In the example shown, the deflection element 60 is a prism having at least one reflection surface 62 that is inclined, e.g. at 45° relative to the surface 22 of the part and to the axis 38 of the focused beam, said face 62 being terminated by an edge 64 in contact with the surface 22 of the part.

The prism 60 is moved stepwise in the direction of arrow 66 along an axis that intersects the axis 38 of the focused ultrasound beam, the prism 60 being moved between two extreme positions in which it is externally tangential to the effective section of the beam focused on the surface 22 of the part, as shown in FIG. 6 where the prism 60 is in the position X1, and in the other of which it deflects the entire focused beam 20, as shown in FIG. 7 where the prism is in the position X2. d1 and d2 are defined as the distances between the axis 38 of the focused beam and the edge 64 of the prism that are equal respectively to |X1| and |X2|.

By way of example, the prism 60 can be positioned by means of spacers 68 interposed between the prism 60 and the edge 34 of the part, the spacers 68 being of very accurate dimensions and enabling the position of the edge 64 of the prism 60 to be determined with very great precision, e.g. of micrometer order, relative to the axis 38 of the beam.

FIG. 8 is a graph showing the curve C2 representing the variation in the amplitude of the echo produced by the focused beam being reflected on the end 30 of the hole as a function of the position 64 of the prism relative to the axis 38 of the focused beam along the axis X. To construct this curve, values are observed for the amplitude of the echo, not only for positions X1 and X2, but also for some number of intermediate positions.

The amplitude decreases from its maximum value corresponding to the position X1 to a value that is zero or substantially zero corresponding to the position X2.

The size of the shadow zone is equal to the radius R of the effective section of the focused beam 20 at the surface of the part, which radius is defined by the expression:
R=(d 1 +d 1)/2

In the example shown in FIG. 8, corresponding to a water column having a value of 40.8 mm between the surface 22 of the part and a Panametric V322-239 440 transducer with a focal length F=8 inches (203.2 mm) and a diameter d=1 inch (25.4 mm), the size of this shadow zone is equal to:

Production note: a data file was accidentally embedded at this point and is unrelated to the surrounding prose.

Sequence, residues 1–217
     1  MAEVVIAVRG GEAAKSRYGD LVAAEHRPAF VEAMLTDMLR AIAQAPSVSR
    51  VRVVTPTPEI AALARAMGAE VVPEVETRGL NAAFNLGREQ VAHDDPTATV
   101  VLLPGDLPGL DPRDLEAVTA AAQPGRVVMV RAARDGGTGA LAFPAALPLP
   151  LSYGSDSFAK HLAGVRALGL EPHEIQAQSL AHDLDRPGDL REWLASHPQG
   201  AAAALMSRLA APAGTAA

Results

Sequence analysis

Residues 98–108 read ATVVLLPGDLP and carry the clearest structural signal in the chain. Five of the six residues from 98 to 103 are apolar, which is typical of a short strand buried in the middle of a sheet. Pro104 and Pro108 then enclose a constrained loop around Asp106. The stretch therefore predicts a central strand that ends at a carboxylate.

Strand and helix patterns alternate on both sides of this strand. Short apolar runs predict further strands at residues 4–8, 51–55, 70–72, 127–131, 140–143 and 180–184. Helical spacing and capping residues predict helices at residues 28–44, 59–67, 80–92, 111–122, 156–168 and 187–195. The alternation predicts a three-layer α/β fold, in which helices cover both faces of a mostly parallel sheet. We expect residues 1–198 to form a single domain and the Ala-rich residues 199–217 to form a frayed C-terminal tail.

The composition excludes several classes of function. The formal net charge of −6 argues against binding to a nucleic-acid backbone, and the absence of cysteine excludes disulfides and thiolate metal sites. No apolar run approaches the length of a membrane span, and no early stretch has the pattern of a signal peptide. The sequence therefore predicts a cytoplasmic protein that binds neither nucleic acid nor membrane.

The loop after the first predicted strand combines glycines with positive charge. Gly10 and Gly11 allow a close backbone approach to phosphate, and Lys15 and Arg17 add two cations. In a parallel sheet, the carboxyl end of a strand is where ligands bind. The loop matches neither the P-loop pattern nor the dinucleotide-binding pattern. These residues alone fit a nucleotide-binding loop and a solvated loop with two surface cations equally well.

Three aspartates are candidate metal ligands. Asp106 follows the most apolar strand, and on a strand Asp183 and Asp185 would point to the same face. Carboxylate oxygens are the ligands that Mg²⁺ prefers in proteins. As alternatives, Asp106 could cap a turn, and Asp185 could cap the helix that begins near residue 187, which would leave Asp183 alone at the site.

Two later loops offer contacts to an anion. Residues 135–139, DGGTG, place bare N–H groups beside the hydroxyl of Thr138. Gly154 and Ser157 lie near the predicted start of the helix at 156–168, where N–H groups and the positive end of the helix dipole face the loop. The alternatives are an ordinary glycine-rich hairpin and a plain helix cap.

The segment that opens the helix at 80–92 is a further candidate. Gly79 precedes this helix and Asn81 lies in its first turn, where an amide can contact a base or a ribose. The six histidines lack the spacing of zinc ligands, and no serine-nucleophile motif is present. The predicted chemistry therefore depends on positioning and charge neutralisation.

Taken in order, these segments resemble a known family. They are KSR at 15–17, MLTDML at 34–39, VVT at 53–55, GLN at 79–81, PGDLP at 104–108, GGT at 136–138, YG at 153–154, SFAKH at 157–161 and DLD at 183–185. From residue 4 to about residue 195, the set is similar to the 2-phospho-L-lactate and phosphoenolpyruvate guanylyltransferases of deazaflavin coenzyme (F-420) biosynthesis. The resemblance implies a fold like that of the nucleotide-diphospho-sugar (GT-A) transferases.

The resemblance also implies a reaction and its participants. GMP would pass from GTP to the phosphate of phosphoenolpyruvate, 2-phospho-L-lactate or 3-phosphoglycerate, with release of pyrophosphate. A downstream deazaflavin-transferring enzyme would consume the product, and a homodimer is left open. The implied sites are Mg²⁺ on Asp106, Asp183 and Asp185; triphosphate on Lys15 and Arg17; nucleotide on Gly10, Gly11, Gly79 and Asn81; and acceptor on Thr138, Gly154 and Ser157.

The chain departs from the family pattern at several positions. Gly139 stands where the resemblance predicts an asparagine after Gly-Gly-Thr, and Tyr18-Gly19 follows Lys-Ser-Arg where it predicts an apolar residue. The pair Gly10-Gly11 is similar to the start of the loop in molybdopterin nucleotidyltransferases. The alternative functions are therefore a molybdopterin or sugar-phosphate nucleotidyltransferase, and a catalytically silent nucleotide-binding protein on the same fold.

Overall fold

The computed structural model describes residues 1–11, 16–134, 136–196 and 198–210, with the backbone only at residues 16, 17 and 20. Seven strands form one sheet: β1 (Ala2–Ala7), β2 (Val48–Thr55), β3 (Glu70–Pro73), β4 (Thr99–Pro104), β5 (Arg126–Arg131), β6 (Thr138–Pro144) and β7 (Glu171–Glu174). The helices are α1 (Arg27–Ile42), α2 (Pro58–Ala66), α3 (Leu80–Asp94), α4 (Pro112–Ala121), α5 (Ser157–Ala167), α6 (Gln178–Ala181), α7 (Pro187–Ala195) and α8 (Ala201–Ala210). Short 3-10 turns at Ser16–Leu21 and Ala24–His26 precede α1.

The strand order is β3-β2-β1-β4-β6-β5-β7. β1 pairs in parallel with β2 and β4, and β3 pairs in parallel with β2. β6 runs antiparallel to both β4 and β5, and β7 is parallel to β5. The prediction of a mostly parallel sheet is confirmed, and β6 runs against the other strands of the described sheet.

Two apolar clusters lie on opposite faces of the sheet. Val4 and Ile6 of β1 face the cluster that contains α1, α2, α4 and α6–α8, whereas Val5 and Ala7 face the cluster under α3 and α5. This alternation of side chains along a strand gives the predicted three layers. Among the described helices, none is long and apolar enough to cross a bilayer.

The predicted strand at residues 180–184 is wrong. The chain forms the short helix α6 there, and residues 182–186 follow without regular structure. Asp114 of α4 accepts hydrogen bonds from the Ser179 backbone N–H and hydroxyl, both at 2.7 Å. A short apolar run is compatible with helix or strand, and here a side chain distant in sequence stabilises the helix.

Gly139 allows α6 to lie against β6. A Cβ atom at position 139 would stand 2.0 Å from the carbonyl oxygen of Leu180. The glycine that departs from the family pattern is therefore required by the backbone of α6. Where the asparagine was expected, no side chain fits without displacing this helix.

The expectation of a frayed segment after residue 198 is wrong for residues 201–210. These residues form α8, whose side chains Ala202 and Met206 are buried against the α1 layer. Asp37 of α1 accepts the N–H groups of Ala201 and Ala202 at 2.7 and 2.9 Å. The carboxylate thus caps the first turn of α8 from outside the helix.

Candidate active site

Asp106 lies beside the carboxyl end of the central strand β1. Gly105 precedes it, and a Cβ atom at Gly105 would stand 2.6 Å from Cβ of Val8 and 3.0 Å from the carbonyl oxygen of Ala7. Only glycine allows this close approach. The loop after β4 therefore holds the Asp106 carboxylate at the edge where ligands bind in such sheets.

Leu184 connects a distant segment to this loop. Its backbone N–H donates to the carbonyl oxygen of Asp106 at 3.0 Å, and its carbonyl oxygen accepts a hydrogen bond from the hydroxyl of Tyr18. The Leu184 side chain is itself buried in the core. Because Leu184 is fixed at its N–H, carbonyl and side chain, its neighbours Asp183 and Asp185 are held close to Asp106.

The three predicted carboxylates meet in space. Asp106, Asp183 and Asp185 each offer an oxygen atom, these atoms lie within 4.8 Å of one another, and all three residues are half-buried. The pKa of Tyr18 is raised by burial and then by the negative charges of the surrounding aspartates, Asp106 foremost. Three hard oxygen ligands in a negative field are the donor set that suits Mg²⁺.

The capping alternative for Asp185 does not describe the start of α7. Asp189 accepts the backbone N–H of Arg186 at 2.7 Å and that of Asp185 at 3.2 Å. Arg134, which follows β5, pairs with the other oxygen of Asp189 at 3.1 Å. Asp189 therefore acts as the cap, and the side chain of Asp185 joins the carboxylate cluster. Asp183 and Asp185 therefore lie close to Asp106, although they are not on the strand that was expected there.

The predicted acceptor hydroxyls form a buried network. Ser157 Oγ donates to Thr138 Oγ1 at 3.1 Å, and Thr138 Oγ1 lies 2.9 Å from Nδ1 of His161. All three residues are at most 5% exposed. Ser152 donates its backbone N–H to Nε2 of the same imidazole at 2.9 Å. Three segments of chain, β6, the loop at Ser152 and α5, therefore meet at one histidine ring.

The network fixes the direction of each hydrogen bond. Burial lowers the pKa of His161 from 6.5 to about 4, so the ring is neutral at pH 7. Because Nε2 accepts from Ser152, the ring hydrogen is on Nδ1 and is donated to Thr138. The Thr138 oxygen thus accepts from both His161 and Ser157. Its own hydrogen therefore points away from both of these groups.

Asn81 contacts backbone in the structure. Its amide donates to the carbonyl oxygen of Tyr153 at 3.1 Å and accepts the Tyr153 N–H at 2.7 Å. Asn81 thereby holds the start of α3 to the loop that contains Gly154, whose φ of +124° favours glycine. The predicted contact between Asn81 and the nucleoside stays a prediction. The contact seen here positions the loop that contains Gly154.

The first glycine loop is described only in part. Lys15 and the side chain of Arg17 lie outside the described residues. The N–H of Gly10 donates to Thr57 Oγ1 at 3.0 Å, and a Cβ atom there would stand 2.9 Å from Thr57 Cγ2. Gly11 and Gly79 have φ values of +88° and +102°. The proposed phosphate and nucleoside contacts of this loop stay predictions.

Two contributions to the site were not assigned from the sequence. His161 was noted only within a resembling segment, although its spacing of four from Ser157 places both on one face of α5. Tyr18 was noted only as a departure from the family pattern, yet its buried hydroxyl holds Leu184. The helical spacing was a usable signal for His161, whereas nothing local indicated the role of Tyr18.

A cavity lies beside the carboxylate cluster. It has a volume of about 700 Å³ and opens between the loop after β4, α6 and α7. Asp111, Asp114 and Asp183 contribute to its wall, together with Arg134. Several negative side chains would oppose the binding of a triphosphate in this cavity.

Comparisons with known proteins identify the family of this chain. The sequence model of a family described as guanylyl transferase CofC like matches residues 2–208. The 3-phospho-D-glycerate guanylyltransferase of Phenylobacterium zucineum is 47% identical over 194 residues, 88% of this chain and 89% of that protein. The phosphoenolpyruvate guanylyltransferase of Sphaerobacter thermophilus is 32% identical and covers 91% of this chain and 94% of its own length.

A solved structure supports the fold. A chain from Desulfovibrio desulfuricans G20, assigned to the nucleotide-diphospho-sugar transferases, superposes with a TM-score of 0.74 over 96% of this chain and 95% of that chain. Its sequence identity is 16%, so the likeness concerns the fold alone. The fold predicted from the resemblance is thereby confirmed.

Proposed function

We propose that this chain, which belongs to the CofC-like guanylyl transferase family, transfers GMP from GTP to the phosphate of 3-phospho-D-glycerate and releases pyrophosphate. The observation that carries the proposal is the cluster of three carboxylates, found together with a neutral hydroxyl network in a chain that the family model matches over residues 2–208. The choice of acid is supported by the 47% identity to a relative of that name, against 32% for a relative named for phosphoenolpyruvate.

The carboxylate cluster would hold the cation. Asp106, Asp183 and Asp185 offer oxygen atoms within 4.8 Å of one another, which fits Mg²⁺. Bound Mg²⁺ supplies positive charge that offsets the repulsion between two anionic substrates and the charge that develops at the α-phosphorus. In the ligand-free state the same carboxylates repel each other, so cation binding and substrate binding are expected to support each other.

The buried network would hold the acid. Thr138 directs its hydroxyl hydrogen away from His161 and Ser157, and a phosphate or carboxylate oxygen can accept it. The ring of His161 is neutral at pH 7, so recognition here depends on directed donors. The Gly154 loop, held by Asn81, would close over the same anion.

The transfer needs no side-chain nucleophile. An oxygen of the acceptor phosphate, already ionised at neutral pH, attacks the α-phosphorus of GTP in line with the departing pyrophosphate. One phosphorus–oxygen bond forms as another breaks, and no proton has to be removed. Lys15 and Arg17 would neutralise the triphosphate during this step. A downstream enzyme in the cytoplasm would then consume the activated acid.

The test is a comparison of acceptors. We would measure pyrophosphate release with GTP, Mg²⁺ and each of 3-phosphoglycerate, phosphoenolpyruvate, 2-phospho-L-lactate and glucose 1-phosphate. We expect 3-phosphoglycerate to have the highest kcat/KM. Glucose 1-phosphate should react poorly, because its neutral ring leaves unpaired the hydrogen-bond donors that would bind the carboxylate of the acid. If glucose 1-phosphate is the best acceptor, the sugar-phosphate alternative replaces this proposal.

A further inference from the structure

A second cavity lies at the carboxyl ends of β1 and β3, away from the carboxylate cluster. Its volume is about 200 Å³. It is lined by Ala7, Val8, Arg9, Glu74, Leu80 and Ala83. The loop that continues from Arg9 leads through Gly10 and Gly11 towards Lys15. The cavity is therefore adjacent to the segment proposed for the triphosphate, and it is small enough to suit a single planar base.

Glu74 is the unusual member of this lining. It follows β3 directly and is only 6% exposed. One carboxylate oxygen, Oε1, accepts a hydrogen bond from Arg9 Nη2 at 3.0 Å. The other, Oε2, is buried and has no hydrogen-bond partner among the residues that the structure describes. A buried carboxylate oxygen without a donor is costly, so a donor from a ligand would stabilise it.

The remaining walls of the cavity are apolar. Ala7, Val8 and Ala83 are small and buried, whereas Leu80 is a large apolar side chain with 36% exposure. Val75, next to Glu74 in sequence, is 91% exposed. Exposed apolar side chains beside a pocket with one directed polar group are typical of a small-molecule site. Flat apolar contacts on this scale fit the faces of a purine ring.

R = ( d 1 + d 2 ) / 2 = ( X 1 + X 2 ) / 2 = ( 6.69 mm + 6.31 mm ) / 2 = 6.50 mm

In practice, the values of X1, and more particularly of X2, can be difficult to obtain with precision. They can be determined by extrapolation, using appropriate means for calculating linear or polynomial regression on the curve as obtained experimentally.

In a variant, the method may consist in measuring two positions of the edge 64 of the prism that are diametrically opposite about the axis 38 of the focused beam, and in which the edge 64 of the prism is tangential to the effective section of the focused beam 20 at the surface of the part, with the value for the amplitude of the echo produced by the focused beam being reflected on the end of the hole being substantially a maximum value in these two positions.

To do this, the prism 60 is moved on the surface 22 of the part in the direction of arrow 66 to the position X1, and is then placed on the other side of the focused beam 20, symmetrically about the axis 38, and is moved on the surface 22 of the part in the opposite direction to arrow 66 until it reaches a position X′1, equivalent to X1.

The distance between these two positions X1 and X′1 can be used for determining the size of the shadow zone, which is equal to:
R=(|X 1 |+|X′ 1|)/2

Patent Citations
Cited PatentFiling datePublication dateApplicantTitle
US5005420 *Jun 8, 1987Apr 9, 1991Hitachi Construction Machinery Co., Ltd.Ultrasonic method for measurement of depth of surface opening flaw in solid mass
US5497662 *Sep 7, 1993Mar 12, 1996General Electric CompanyMethod and apparatus for measuring and controlling refracted angle of ultrasonic waves
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US20060048576 *Jan 17, 2003Mar 9, 2006Akihiro KiuchiBearing steel,method for evaluating large-sized inclusions in the steel and rolling bearing
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JPS6285860A Title not available
Non-Patent Citations
Reference
1J. Krautkraemer, et al., "Ultrasonic Testing of Materials", Springer-Verlag, Third, revised Edition, XP-002352087, 1983, pp. 228-241 and pp. 307-311.
Classifications
U.S. Classification73/621, 73/634, 73/644
International ClassificationG01N29/06, G01N29/30, G01N29/26
Cooperative ClassificationG01N2291/101, G01N2291/044, G01N2291/015, G01N29/221, G01N2291/106, G01N29/265, G01N29/225, G01N29/043, G01N29/11
European ClassificationG01N29/22C, G01N29/04F, G01N29/265, G01N29/22M, G01N29/11
Legal Events
DateCodeEventDescription
Feb 24, 2012FPAYFee payment
Year of fee payment: 4
Jan 20, 2006ASAssignment
Owner name: SNECMA, FRANCE
Free format text: ASSIGNMENT OF ASSIGNORS INTEREST;ASSIGNORS:CHATELLIER, JEAN-YVES, FRANCOIS, ROGER;COULETTE, RICHARD, MICHAEL;REEL/FRAME:017500/0488
Effective date: 20051220